Hib in adults

Duration: 11min 23sec Views: 1174 Submitted: 22.10.2019
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Hib disease used to be more common in the United States — about 20, children got serious Hib infections every year. In infants and young children, Hib disease can be very serious. It can cause infections in different parts of the body — including the brain and lungs. These infections can lead to serious complications, and can even be deadly.

Haemophilus influenzae type b (Hib) Vaccine

Haemophilus influenzae - Infectious Disease Advisor

Haemophilus influenzae, a gram negative coccobacillus, is divided into unencapsulated non-typable and encapsulated strains. Haemophilus influenzae serotype b Hib is the most common cause of bacterial meningitis in children aged two months to five years, in those countries where suitable vaccination programmes are not in place. Children start showing symptoms of meningitis after a probable incubation period of about 2— 4 days and clinical manifestations tend to evolve rapidly. Vaccine prophilaxis is therefore of paramount importance, in order to protect children. An effective and safe vaccine against Hib has been available since the s and most but not all EU Member States have included Hib vaccine in their national immunisation programs. Most invasive Hib infections can be prevented with immunisation and, where it has been used, vaccination against Hib has dramatically reduced the rate of invasive Hib disease in young children. Note: The information contained in this fact sheet is intended for the purpose of general information and should not be used as a substitute for the individual expertise and judgement of healthcare professionals.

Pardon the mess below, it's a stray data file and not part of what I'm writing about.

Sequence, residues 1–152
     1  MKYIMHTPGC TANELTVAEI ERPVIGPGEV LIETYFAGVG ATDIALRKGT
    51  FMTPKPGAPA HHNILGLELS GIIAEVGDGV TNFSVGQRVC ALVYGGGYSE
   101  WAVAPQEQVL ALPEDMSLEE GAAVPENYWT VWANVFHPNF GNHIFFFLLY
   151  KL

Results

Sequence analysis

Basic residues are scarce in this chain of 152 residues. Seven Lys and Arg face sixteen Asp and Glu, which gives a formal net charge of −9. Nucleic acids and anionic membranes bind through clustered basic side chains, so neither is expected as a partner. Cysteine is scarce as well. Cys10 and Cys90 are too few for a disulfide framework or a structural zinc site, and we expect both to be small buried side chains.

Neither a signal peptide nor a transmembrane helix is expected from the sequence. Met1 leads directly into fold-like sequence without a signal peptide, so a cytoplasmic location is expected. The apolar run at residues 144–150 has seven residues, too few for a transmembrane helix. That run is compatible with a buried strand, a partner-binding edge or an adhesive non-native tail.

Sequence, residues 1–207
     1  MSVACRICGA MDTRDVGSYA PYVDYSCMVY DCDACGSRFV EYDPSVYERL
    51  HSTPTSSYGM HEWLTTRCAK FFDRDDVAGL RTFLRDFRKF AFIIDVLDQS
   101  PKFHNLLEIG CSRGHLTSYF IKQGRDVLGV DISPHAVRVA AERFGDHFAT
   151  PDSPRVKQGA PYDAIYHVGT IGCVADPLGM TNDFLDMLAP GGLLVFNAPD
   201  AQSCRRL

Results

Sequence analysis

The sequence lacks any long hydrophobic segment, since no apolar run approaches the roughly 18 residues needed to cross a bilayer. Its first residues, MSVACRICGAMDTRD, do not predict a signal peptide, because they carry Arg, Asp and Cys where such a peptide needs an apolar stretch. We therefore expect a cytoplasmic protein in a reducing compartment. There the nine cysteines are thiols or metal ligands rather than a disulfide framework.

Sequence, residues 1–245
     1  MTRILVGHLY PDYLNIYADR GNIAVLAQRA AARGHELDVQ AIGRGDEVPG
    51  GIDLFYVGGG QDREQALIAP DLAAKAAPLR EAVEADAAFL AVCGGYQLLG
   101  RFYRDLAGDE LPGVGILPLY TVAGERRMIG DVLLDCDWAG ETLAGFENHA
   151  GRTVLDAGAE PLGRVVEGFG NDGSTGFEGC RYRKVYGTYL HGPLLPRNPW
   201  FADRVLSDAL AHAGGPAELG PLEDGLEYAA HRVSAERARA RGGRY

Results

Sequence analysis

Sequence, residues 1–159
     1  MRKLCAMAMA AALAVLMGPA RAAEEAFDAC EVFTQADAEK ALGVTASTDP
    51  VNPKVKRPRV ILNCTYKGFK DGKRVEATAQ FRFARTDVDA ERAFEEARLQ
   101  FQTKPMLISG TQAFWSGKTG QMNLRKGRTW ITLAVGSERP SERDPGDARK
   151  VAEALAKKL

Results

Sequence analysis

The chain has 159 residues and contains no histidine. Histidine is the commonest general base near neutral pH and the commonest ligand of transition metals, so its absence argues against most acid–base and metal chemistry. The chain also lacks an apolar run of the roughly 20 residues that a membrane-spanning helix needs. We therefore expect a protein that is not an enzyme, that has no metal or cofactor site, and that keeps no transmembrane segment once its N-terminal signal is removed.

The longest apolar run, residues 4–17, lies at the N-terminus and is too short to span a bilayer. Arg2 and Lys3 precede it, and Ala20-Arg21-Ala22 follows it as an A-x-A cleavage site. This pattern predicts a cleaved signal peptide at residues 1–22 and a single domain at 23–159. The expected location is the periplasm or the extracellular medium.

Hib Vaccination: What Everyone Should Know

Haemophilus influenzae type b Hib disease is a serious disease caused by bacteria. It usually affects children under 5 years old. It can also affect adults with certain medical conditions. Your child can get Hib disease by being around other children or adults who may have the bacteria and not know it. The germs spread from person to person.
This page uses "javascript" to display properly. Javascript is not enabled in your browser, so some features on this page may not work correctly. Haemophilus influenzae is a bacteria that has encapsulated typeable or unencapsulated nontypeable strains. Encapsulated strains express one of six antigenically capsular polysaccharides types a, b, c, d, e, or f. Historically, type b Hib was the most common type to cause invasive disease, particularly in young children.